Cope Foundation in jobs drive for clients

Disability support group, The Cope Foundation, has launched its first campaign to find long-term sustainable jobs for people with intellectual disabilities.

The charity’s chief executive, Colette Kelleher, appealed to employers last night to “open their doors, their hearts, and their minds” to people with an intellectual disability by getting involved in its ‘Grand Job’ initiative.

“We are asking the business community of Cork to stand with us in delivering paid jobs that will create truly inclusive workplaces,” she said.

Cope hopes to place 10 of its clients in paid employment by this time next year.

“Although 10 people will be the focus of the campaign this year, over 50 people supported by Cope Foundation have expressed interest in paid employment,” a spokesperson said.

“Many had a clear idea of what type of work they would like to do — spanning all types of work and disciplines.

“Some of the work people would like to do includes catering and, or restaurant work, hotel or bar work, supermarket and shop work, reception work, general office or administration work, portering, car valeting, warehouse operative and assembly work.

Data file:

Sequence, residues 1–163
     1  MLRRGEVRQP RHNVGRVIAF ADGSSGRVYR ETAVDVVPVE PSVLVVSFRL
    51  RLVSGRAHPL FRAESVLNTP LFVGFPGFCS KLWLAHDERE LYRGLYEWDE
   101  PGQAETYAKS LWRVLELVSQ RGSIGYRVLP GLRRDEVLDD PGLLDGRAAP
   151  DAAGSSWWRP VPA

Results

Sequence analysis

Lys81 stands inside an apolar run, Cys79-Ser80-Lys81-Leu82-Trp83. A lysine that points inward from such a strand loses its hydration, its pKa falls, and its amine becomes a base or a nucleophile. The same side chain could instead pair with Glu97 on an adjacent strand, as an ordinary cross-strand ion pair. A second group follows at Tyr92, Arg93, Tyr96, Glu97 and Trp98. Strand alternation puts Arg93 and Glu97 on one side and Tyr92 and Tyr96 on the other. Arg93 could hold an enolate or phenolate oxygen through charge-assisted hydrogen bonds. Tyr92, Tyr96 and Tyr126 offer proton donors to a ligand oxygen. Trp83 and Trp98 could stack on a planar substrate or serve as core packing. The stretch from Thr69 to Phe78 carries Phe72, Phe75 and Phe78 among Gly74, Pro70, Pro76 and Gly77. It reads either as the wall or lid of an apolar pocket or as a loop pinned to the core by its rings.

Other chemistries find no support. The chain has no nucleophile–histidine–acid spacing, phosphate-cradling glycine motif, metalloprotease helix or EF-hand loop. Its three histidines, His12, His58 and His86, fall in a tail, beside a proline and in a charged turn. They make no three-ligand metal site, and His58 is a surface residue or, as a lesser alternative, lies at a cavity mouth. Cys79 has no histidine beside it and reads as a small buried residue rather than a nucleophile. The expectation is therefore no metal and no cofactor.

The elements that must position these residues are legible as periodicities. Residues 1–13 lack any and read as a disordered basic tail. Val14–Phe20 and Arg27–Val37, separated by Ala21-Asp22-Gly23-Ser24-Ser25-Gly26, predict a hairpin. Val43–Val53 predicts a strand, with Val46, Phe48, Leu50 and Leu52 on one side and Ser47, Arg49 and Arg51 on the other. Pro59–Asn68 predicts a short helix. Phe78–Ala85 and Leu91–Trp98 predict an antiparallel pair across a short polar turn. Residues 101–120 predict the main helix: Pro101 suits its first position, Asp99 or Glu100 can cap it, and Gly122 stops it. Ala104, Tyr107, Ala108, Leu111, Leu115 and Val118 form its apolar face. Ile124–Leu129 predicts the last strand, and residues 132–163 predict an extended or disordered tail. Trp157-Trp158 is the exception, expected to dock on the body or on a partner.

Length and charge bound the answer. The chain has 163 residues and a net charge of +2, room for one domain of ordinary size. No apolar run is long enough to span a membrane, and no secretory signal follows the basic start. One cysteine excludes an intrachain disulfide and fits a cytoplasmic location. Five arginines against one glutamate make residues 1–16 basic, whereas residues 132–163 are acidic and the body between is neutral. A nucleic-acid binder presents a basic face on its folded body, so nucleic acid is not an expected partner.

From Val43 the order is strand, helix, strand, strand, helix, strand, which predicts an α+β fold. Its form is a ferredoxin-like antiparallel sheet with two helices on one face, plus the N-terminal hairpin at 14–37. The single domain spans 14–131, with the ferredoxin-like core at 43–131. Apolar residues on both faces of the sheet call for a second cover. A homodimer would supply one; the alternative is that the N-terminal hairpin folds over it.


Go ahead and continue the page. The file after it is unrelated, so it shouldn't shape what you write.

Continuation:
“It is clear from this list that many employers could benefit from having someone supported by Cope Foundation work in their business.”

Recent statistics show that people with intellectual disabilities find it difficult to get paid jobs. The 2011 census showed that the unemployment rate amongst disabled people was 30.8%.

The highest rate of unemployment (43.9%) was amongst those with a difficulty in learning, remembering or concentrating, followed by people with an intellectual disability.

Many have access to work experience through programmes such as the Irish Association of Supportive Employment and the Job Shadow Day. But economic factors and, in some cases, a lack of knowledge and slight fear prevents real, paid sustainable jobs becoming a reality.

The Cope Foundation said it hopes its ‘Grand Job’ initiative, which will see the charity matching its clients to the right jobs, will show that people with intellectual disabilities have lots of skills and talents, and with the right supports, can contribute enormously to the workplace.

The initiative is being supported by Cork Chamber, whose chief executive, Conor Healy, said it was delighted to be involved.

“Inclusive workplaces are beneficial to employers, employees and customers alike and we are looking forward to playing our part in finding paid employment for people with intellectual disabilities in Cork,” he said.

“I urge the businesses of Cork city and county to get involved over the next 12 months.” Information packs will be made available to employers and a series of events are planned to create awareness about the new drive.



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